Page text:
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Meeting of the Merchants, Traders, and others, in London


London, February 7, 1775.

At a respectable meeting, yesterday, of the Merchants, Traders, and others, concerned in the American Commerce, Mr˙ Lane took the Chair at one o' clock, and Mr˙ Baker informed the company, that, agreeable to their instructions at the last meeting, the second Petition had been presented to the House of Commons, and a motion made thereon to rescind the order of Monday, the 23d of January, which had referred the first Petition to the Committee; that, after a long debate, the House refused to receive the motion, and the Petition was ordered to lie on the table; that, under this circumstance, the Committee had no alternative but to be heard before that ineffectual Committee, or to waive appearing at the bar; and being of opinion the latter was the most manly conduct, they resolved to desire one of the Committee to deliver the following Declaration, which Mr˙ Wooldridge accordingly complied with, viz: "I am


directed by the Committee of Merchants, Traders, and others, of the City of London, concerned in the Commerce of America, to represent to this Honourable Committee, that Merchants revealing at this bar the state of their affairs, is a measure which all the world wish to avoid, unless upon such great occasions as the present, when the publick weal is evidently at stake, when their duty as good subjects requires it of them; but when the mode of examination is such as totally precludes them from answering the great publick object, (which in their opinion is clearly the case at present,) they beg leave humbly to signify, that they waive appearing before the Committee which has been appointed, and that the Merchants are not under any apprehensions respecting their American debts, unless the means of remittance should be cut off by measures that may be adopted in Great Britain."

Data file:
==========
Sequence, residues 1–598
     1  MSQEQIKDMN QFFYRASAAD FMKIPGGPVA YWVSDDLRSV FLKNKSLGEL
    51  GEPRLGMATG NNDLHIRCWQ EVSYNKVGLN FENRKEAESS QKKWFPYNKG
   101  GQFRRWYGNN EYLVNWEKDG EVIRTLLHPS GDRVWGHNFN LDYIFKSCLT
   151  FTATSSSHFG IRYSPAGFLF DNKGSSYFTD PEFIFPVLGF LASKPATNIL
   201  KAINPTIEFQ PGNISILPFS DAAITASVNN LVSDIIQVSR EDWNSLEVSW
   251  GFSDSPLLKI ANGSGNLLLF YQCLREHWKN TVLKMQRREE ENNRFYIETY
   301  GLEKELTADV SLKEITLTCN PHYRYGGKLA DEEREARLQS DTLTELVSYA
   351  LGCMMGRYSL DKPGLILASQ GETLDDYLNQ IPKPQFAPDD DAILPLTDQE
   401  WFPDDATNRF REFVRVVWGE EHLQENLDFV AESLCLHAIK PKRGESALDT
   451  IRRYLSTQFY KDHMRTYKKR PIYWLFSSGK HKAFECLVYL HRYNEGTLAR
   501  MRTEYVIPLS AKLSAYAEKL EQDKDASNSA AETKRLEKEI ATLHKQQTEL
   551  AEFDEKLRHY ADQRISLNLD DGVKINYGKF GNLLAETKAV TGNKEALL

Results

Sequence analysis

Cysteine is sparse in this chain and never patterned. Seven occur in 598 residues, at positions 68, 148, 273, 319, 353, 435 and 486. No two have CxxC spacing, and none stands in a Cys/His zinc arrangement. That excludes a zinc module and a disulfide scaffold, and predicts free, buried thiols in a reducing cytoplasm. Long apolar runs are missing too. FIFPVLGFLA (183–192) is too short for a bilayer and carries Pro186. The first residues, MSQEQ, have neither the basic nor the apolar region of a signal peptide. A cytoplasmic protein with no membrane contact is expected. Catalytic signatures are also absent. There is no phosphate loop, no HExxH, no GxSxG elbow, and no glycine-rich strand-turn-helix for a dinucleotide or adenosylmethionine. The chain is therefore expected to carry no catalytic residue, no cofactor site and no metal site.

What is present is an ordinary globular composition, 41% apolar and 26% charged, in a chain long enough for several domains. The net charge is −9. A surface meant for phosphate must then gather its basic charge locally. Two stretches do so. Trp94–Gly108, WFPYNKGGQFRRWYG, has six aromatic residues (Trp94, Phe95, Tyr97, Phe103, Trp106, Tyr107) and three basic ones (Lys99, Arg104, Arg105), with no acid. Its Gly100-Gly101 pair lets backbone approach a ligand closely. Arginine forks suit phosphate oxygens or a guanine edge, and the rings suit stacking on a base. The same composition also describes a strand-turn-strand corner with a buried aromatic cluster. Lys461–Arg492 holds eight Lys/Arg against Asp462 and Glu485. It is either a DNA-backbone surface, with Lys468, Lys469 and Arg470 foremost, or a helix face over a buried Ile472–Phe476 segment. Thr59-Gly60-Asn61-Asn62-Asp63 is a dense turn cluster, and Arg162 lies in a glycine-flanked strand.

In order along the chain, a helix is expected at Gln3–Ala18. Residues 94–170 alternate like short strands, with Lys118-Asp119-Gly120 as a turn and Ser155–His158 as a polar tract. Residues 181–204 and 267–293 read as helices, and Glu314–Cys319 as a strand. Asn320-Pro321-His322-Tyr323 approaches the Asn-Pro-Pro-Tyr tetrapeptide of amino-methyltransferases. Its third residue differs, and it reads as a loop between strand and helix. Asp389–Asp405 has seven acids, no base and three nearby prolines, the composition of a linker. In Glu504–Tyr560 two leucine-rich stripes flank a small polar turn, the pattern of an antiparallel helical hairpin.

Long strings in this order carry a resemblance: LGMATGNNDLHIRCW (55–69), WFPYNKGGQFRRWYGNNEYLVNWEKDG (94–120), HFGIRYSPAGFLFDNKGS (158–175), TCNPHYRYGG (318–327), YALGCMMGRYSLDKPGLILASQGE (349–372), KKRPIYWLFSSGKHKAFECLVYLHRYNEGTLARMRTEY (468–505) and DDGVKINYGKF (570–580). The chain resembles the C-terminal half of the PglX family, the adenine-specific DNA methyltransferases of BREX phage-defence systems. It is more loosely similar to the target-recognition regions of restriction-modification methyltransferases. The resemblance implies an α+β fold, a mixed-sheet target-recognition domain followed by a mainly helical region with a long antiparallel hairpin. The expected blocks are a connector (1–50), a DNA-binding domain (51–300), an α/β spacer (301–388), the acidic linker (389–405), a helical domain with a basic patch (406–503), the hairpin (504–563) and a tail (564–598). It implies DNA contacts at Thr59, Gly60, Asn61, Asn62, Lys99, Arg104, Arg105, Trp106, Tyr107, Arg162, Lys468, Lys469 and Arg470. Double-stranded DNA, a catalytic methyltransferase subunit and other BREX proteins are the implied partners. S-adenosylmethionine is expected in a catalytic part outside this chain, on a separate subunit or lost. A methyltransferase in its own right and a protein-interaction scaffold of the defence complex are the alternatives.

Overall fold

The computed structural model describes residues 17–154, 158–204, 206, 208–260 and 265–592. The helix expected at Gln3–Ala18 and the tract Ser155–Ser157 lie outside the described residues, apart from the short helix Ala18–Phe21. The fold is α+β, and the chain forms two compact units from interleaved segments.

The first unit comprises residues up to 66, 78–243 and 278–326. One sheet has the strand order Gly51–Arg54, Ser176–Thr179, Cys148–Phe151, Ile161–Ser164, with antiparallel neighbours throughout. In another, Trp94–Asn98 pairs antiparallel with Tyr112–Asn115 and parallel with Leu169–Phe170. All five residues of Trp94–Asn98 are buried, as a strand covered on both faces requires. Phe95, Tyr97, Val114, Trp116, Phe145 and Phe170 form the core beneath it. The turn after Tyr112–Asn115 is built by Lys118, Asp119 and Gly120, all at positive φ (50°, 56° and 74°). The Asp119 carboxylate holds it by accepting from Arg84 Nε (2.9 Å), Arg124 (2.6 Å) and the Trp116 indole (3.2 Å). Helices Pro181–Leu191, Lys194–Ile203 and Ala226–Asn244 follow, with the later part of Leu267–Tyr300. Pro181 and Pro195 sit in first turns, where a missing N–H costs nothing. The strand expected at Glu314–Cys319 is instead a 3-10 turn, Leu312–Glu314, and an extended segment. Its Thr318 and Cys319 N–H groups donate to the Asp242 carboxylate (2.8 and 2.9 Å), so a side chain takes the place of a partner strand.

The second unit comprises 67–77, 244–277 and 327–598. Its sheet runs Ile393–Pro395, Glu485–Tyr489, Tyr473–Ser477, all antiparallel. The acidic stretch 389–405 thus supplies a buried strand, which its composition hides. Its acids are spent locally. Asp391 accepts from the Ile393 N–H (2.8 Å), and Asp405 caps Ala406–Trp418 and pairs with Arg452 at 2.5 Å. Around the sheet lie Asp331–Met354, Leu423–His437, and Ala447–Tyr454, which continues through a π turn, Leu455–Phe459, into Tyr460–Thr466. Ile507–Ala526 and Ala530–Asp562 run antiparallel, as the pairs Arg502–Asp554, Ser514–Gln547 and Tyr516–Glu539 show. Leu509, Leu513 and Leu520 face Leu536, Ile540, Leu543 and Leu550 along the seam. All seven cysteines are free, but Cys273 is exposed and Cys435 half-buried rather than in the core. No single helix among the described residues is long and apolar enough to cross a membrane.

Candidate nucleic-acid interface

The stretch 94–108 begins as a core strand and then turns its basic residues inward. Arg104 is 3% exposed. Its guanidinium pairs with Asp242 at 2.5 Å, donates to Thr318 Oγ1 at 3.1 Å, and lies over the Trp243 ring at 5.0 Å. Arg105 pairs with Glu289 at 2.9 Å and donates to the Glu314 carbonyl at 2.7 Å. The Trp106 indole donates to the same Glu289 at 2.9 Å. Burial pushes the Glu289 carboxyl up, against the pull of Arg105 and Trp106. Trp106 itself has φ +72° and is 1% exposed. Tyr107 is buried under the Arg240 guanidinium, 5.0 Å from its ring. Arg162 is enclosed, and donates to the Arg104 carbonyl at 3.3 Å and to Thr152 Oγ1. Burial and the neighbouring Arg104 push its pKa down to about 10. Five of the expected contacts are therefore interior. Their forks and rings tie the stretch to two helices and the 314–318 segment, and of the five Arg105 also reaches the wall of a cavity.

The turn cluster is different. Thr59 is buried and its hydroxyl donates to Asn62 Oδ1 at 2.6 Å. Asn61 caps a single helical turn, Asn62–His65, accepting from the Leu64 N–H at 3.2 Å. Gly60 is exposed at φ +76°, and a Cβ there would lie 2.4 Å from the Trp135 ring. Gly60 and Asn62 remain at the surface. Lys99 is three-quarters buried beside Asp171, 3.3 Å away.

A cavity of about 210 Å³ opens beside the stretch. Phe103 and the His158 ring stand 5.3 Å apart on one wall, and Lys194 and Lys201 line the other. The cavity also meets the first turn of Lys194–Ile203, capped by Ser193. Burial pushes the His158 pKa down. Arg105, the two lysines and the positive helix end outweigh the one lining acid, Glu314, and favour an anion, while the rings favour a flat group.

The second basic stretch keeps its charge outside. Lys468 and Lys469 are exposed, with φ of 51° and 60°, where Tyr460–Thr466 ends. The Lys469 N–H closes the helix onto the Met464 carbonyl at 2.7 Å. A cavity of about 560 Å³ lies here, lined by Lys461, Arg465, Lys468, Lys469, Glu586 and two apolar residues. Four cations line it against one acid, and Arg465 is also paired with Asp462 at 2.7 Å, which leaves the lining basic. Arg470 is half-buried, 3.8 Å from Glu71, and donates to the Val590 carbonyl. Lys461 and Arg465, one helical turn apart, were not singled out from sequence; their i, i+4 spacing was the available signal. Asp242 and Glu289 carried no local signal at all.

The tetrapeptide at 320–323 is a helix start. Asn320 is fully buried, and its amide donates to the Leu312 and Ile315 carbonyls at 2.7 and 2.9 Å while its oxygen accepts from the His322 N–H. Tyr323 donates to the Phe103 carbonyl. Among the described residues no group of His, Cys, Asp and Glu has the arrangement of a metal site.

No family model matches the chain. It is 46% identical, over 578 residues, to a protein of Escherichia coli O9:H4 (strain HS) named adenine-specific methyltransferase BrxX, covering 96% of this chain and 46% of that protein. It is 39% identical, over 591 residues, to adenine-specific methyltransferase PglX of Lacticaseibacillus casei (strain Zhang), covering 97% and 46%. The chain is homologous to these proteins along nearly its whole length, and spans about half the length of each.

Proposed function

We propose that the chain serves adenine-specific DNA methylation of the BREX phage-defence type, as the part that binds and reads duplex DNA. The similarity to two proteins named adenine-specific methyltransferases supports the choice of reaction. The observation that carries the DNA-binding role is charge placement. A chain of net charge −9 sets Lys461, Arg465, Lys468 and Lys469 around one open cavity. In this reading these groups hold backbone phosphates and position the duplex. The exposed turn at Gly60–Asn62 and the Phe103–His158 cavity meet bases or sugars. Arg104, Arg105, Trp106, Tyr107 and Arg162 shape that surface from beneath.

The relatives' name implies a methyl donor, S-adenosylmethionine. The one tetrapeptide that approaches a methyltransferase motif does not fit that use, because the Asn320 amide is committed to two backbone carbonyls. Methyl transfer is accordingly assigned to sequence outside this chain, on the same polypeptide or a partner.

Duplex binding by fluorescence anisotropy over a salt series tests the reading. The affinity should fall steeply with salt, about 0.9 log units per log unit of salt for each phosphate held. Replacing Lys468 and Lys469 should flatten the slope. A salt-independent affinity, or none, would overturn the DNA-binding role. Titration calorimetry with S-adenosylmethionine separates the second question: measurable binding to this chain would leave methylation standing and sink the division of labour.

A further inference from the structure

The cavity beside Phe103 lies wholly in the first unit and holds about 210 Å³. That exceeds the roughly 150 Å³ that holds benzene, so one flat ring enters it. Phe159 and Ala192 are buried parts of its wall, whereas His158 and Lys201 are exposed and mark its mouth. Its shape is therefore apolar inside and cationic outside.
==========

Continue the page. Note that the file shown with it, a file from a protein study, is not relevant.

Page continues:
That the Committee, trusting in the propriety of the measure, and it being, in point of time, not in their power to take the sense of a general meeting, they hoped for the general approbation. He added that their Petitions were not withdrawn, or placed in any more favourable situation than when they were presented. He made some judicious and pertinent remarks on Lord North' s motion on Friday last, and observed that the Americans ought to expect something more than indulgence, as expressed in the motion, when they were contending only for their just rights and unalienable privileges.

The proceedings of the Committee being generally approved, a motion was made and seconded to return them thanks for their conduct therein, and to Mr˙ Wooldridge, for his firm and manly conduct at the bar.

Mr˙ Baker then intimated that it was the opinion of the Committee that a Petition should be presented to the House of Lords, and a motion was accordingly made, and unanimously agreed to, "that it is the opinion of this meeting that, in the present alarming situation of American affairs, the Right Honourable the House of Lords should be petitioned forthwith."

The draft of a Petition was then presented and read, the substance of which is, "first, stating the very great consequence of the American Commerce to these Kingdoms, and how It had been injured by the operations of Parliament; secondly, soliciting redress from them, as the hereditary guardians of the Nation; and, lastly, praying the petitioners may be heard by counsel at the bar of the House previous to their Lordships' having any conference with the House of Commons on that subject."

This Petition, after being read three times, was unanimously approved of; it was ordered that it should be presented this day, as soon as the House of Lords should sit.